The Pregnant Woman’s Burden

Men and women experience pregnancy completely differently. This may seem like an obvious statement but ask any woman who has ever tried to explain “being tired” whilst pregnant to their partner and you’ll see what I mean… They don’t get it. I’m not sure they can get it. To them “tired” means a bad nights sleep; to the mama it means a profound form of exhaustion that’s equivalent to the 59th gate of hell. When they hear “hungry” they think of the hunger that comes with skipping lunch; meanwhile their wife just went from completely content to “need a 5 course meal or I will die” in 6.4 seconds. When they hear “I’m afraid something will go wrong” they think, “Everything is fine” and say as much. But I don’t think a person who has never carried a child could understand the fear, the obsession, the outright terror, and the painstaking attention spent on every minute bodily change that a pregnant woman goes through. What I’m about to write is just MY experience. But I know many women who’ve thought and felt the same as me. Maybe not all, but for those of you that can relate, you’ll get it. I need to write this here, because if I don’t put it somewhere, I may not make it to tomorrow without losing my mind.

I’ve wanted children for as long as I can remember. When I was 11 years old I told my mom that I was “put here to be a mom”. You can’t imagine the devastation I felt when at 17 I was told that I had Polycystic Ovarian Syndrome (PCOS), the leading cause of infertility in America. I spent the next 7-8 years getting a period every 9-18 months. I cringed when other women acted as if the absence of a period was a luxury to be had. My ex and I spent 2 years trying to conceive with no luck. I started to resent my body, hate it in fact. I wanted to will it to work. I wanted to curse it for failing to do “what all women should be able to do”. I felt like a failure; as a partner, as a woman, as a human being. I felt it to the core of my being with absolutely no compassion for myself. I openly admitted that if I was ever told I could not conceive that I would eat a bullet, because that would be a lesser pain than living in that reality. I also felt like a selfish bitch for being so disheartened when other women had spent their entire lives trying to get pregnant, had been told they were sterile, or had lost multiple babies. I knew if I ever did become pregnant that I would be at a much higher risk of miscarriage because of the PCOS and I knew I would obsess about it neurotically. I envied women who had kids without trying, I resented women who took their children for granted, and I wouldn’t walk anywhere near the baby section of any store for five fucking years. I cried, I prayed, I cursed the Gods. I thought it was impossible, tried to tell myself I could adopt, tried to make it something I could live with. All of this by 24 fucking years old. God forbid I had cut myself a break, right?

Then something crazy happened. My cycle went back to normal. I know that’s a lot of information, but this post isn’t for the faint of heart. For 10 months it was completely normal and the hope that I could be a mother someday, the same hope that had refused to die but instead remained hidden in the very bottom corner of my heart, started to blossom again. Every month I was the slightest bit late became a game of “You’re pregnant”, “No I’m not” between my partner and I. I just wasn’t willing to believe it was possible; at least not out loud. If it happened that was fine, a miracle really; but getting my hopes up all to have them dashed on the rocks of a negative pregnancy test? That was a pain I was unwilling to walk face first into. So I just assumed that month would come whenever it felt like, and it did. Then May 17th of 2016 happened. I was late and had all the usual symptoms of Aunt Flo being on her way; meaning my boobs hurt, I was bloated, I was eating way more, and was moody. My love was convinced I was pregnant, but he always was. Then all of the sudden my friends were too. Eventually I started to wonder myself. One day I noticed my ankles were swollen, on top of the rest of my symptoms, and I chose to buy the tests. Spending that money was immediately followed by constantly refusing to take them because “I didn’t have to pee” or “It wasn’t first thing in the morning”. Needless to say, my partner cracked and begged me to take one and said he would buy more if it was negative and my period still didn’t come. So I do the usual routine of peeing on the stick, saw that it said it had a “negative” symbol, and set it on the toilet bowl behind me. I got myself situated and turned around to grab it so I could show him and it wasn’t fucking negative anymore!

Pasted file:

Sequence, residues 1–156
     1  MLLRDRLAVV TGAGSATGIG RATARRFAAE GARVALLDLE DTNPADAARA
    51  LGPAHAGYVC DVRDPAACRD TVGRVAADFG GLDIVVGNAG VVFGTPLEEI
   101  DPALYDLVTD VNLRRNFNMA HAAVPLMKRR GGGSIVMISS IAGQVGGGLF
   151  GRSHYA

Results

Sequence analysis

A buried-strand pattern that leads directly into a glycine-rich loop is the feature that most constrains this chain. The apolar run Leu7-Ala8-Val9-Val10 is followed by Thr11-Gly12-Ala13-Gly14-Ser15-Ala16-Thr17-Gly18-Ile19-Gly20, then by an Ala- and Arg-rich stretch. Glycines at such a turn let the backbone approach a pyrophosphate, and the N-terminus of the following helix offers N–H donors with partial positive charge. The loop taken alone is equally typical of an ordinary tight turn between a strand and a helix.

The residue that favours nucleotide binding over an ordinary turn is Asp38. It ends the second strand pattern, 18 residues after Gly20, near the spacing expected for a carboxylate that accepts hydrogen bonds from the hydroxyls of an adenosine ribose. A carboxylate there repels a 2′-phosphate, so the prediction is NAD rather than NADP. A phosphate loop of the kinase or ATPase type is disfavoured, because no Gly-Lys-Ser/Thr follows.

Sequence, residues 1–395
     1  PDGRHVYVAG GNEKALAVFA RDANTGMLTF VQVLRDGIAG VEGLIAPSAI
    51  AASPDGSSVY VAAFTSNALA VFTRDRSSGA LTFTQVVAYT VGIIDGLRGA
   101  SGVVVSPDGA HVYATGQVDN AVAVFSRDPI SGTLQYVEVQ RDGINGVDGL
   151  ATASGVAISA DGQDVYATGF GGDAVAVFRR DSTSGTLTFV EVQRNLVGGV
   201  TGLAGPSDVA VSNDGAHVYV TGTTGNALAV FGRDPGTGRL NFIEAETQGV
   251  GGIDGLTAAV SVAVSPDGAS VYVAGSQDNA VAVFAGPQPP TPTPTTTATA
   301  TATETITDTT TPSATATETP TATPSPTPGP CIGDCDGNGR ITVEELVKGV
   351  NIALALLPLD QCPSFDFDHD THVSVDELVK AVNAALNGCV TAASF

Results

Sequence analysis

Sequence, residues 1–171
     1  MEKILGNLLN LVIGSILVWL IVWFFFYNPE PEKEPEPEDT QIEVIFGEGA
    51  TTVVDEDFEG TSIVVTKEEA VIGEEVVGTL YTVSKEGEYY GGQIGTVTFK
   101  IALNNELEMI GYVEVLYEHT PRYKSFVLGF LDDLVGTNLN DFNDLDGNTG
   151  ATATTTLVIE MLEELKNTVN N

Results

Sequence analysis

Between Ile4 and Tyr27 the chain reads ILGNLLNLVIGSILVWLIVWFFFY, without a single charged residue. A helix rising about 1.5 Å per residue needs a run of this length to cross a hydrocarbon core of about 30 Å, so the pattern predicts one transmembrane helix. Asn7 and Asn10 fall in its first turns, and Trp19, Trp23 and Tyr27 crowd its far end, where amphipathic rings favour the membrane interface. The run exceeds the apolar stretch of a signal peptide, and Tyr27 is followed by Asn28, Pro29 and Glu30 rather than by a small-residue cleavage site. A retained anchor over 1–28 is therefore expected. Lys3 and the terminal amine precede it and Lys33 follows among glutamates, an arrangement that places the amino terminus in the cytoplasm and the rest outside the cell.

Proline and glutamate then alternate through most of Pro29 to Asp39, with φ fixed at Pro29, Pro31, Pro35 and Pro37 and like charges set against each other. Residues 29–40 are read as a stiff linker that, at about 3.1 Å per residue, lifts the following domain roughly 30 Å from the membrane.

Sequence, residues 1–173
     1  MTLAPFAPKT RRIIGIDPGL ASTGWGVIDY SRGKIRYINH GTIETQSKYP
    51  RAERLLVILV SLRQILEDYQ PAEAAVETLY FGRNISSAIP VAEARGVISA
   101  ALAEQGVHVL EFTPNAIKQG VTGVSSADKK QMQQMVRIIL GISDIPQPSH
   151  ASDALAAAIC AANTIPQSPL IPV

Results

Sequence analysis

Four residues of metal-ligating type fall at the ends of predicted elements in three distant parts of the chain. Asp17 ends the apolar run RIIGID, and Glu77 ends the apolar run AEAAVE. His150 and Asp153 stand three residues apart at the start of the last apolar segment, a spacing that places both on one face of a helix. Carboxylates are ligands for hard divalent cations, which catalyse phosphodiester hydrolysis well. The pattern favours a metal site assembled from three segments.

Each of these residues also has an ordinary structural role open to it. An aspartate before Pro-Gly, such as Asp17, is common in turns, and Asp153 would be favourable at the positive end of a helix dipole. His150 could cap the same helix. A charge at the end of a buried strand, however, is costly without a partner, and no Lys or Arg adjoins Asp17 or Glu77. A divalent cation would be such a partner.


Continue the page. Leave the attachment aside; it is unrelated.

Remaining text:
I always thought I would cry, or maybe scream, or possibly just pass out where I stood. I did none of the above. I just stared at it, squinting at the little plus sign like it would disappear if I blinked. And my jaw dropped. I walked into the living room with my hand over my mouth. My love is a decent sized man, more bulk muscle than lean. I have never seen a big man jump up and run over to me as fast as he did. The light in his eyes when he saw my face and said “WELL?!?!” was a sight I’ll never forget. I showed him the test, he smiled this enormous smile, and proceeded to just hold me for a few minutes. The first thing I remember saying was “Is that thing real?! That says pregnant!” And that’s how it started. 1,047 words later and I am finally at what I really want to write about. Are you one of those people who ignores a post that says it will take more than 4-5 minutes to read? Because I am some days. So if you’ve made it this far, I want to thank you. Thank you for reading this. You’ll be one of the few to know what it’s really like to be pregnant, in my head. This is my life today…